The Supreme Court has recognized that a defendant's “right of removal cannot be defeated by a fraudulent joinder of a resident defendant having no real connection with the controversy.” Wilson v. Republic Iron & Steel Co., 257 U.S. 92, 97 (1921). Ford can prove fraudulent joinder by showing that either: (1) plaintiff's jurisdictional allegations are fraudulent and made in bad faith; or (2) plaintiff has no possibility of recovery against the non-diverse defendant. Slover v. Equitable Variable Life Ins. Co., 443 F.Supp.2d 1272, 1279 (N.D. Okla. 2006). If Ford can show that the non-diverse defendant, Cudd, was fraudulently joined, the parties will be completely diverse and the Court may exercise subject matter jurisdiction over this case.[3] S e e American Nat. Bank & Trust Co. of Sapulpa, v. Bic Corp., 931 F.2d 1411, 1412 (10th Cir. 1991) (“If, as defendant suggests, plaintiffs joined the Oklahoma residents without good faith, defendant may remove on the grounds of fraudulent joinder.”). To prove that a party has been fraudulently joined, the defendant has the burden to “demonstrate that there is no possibility that [plaintiff] would be able to establish a cause of action against [the joined party] in state court.” Hart v. Bayer Corp., 199 F.3d 239, 246 (5th Cir. 2000). When a defendant raises specific allegations of fraudulent joinder, the Court may pierce the pleadings to evaluate the defendant's argument. Smoot v. Chicago, Rock Island & Pac. R.R. Co., 378 F.2d 879, 881-82 (10th Cir. 1967); Dodd v. Fawcett Publications, Inc., 329 F.2d 82, 85 (10th Cir. 1964). “The burden of persuasion placed upon those who cry ‘fraudulent joinder' is indeed a heavy one.” Hart, 199 F.3d at 246 (quoting B., Inc. v. Miller Brewing Co., 663 F.2d 545, 549 (5th Cir. 1981)). Although the Court can pierce the pleadings, “[t]his does not mean that the federal court will pre-try, as a matter of course, doubtful issues of fact to determine removability; the issue must be capable of summary determination and be proven with complete certainty.” Smoot, 378 F.2d at 882.

         The parties' dispute as to the viability of plaintiffs' claims against Cudd depends upon the choice of law determination. Plaintiffs have not alleged an intentional tort against Cudd, and they do not dispute that a negligence claim of any variety would be barred by the exclusive remedy provisions of Oklahoma, Wyoming, and North Dakota workers' compensation law. In order to proceed with a tort claim against Cudd, plaintiffs will have to establish that their claims against Cudd are governed by Texas law. Under Texas law, workers' compensation is the exclusive remedy for an employee alleging that he suffered a work-related injury. Tex. Labor Code Ann. § 408.001. However, § 408.001 “does not prohibit the recovery of exemplary damages by the surviving spouse or heirs of the body of a deceased employee whose death was caused by an intentional act or omission of the employer or by the employer's gross negligence.” Id. Plaintiffs have alleged that Cudd acted with negligence and gross negligence by allowing Roddy to drive a company vehicle. Dkt. # 1-1, at 5-6. Plaintiff's ordinary negligence claim against Cudd is barred by § 408.001 but, if the Court were to find that Texas law applied, it is possible that plaintiff could proceed with a gross negligence claim against Cudd. Plaintiffs' negligence and gross negligence claims are identical in the Texas lawsuit and this case, and this could be viewed as an indication that plaintiffs are seeking to have Texas law applied to their claims against Cudd in this case. However, plaintiffs' intention concerning the choice of law is not a deciding factor in the choice of law analysis.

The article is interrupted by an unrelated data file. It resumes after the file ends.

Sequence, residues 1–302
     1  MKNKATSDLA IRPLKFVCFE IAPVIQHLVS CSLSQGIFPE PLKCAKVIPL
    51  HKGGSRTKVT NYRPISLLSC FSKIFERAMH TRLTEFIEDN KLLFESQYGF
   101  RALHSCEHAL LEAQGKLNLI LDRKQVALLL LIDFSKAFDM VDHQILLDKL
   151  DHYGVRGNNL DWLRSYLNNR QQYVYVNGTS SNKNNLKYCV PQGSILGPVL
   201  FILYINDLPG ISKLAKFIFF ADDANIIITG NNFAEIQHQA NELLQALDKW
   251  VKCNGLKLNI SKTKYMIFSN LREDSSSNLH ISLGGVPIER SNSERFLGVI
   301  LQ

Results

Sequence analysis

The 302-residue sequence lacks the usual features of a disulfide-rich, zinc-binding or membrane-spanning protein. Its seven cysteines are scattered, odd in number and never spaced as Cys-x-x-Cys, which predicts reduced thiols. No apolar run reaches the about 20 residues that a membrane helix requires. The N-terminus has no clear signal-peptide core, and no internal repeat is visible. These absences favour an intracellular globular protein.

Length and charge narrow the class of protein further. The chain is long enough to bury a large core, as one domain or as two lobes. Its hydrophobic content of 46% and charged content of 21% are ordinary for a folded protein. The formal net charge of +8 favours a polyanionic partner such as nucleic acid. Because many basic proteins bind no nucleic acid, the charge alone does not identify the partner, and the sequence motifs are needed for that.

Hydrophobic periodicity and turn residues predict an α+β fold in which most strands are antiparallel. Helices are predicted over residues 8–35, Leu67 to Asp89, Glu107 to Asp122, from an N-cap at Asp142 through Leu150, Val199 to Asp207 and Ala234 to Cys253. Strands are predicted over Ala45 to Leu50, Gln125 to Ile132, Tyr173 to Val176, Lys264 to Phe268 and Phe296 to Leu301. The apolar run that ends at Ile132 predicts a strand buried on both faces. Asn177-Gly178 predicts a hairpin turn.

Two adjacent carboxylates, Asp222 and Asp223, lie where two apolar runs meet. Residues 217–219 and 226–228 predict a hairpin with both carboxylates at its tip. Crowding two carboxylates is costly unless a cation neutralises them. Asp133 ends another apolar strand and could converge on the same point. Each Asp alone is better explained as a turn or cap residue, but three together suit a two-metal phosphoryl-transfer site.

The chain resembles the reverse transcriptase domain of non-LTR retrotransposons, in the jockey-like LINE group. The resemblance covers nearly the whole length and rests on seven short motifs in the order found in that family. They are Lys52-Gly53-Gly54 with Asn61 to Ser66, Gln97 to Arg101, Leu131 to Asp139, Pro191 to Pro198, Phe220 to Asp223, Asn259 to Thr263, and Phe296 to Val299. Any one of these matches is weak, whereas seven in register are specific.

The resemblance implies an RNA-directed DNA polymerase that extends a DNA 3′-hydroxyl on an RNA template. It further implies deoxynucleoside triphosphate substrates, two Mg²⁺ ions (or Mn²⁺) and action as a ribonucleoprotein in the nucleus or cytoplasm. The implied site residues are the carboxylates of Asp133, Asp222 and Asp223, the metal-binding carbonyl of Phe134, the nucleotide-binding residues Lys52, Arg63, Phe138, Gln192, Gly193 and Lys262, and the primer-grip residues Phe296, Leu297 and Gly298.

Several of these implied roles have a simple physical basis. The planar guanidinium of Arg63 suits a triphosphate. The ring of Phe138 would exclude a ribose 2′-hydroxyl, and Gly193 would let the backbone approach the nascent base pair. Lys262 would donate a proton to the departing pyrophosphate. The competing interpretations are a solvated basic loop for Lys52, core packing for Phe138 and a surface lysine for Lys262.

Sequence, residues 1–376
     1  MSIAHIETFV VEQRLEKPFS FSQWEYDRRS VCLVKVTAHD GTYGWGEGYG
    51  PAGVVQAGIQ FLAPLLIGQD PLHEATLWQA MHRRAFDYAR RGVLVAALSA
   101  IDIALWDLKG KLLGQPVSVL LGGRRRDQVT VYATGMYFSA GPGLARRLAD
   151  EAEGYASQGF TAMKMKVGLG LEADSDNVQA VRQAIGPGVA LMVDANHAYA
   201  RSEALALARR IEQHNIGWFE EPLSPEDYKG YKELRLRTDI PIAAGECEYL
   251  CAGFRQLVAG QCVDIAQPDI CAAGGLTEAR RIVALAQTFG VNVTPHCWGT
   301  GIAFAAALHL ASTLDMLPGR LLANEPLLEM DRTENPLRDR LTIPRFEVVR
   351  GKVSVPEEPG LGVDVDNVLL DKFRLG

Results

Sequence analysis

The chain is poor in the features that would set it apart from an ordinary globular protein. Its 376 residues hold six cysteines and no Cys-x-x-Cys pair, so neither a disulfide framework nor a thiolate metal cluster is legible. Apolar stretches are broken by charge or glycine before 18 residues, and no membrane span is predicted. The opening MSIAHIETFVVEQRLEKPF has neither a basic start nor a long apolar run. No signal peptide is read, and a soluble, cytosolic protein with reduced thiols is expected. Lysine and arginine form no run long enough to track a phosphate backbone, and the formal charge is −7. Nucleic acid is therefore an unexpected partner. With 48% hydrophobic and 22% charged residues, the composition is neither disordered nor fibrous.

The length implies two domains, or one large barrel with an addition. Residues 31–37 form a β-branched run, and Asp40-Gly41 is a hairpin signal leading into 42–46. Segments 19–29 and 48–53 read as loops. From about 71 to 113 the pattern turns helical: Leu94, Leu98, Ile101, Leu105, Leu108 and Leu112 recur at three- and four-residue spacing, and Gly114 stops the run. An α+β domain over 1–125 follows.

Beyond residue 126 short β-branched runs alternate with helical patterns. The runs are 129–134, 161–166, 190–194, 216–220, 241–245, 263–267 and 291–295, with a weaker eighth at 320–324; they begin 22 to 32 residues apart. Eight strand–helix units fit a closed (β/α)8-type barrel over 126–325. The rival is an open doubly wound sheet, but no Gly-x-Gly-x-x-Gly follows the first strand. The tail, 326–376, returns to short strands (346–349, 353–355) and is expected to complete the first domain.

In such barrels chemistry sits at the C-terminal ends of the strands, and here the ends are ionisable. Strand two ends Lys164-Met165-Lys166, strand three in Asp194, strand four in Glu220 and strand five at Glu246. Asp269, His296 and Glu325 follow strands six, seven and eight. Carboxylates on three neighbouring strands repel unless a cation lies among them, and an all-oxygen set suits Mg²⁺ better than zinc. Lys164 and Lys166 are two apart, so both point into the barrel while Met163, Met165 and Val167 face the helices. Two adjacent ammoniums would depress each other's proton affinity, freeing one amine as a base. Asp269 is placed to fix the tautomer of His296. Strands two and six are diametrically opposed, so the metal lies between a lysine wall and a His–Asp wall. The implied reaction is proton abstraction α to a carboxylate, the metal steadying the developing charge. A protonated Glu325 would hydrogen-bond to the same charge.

In making a choice of law determination in a diversity case, this Court must apply the choice of law rules that would be applicable in the courts of the forum state. Garcia v. Int'l Elevator Co., Inc., 358 F.3d 777, 779 (10th Cir. 2004); New York Life Ins. Co., v. K N Energy, Inc., 80 F.3d 405, 409 (10th Cir. 1996). The Oklahoma Supreme Court has stated that “the rights and liabilities of parties with respect to a particular issue in tort should be determined by the local law of the state which, with respect to that issue, has the most significant relationship to the occurrence and the parties.” Hightower v. Kansas Southern Ry. Co., 70 P.3d 835, 842 (Okla. 2003). In applying the “most significant relationship” test, a court must consider the following four factors:

(1) the place where the injury occurred,
(2) the place where the conduct causing the injury occurred,
(3) the domicile, residence, nationality, place of incorporation and place of business ...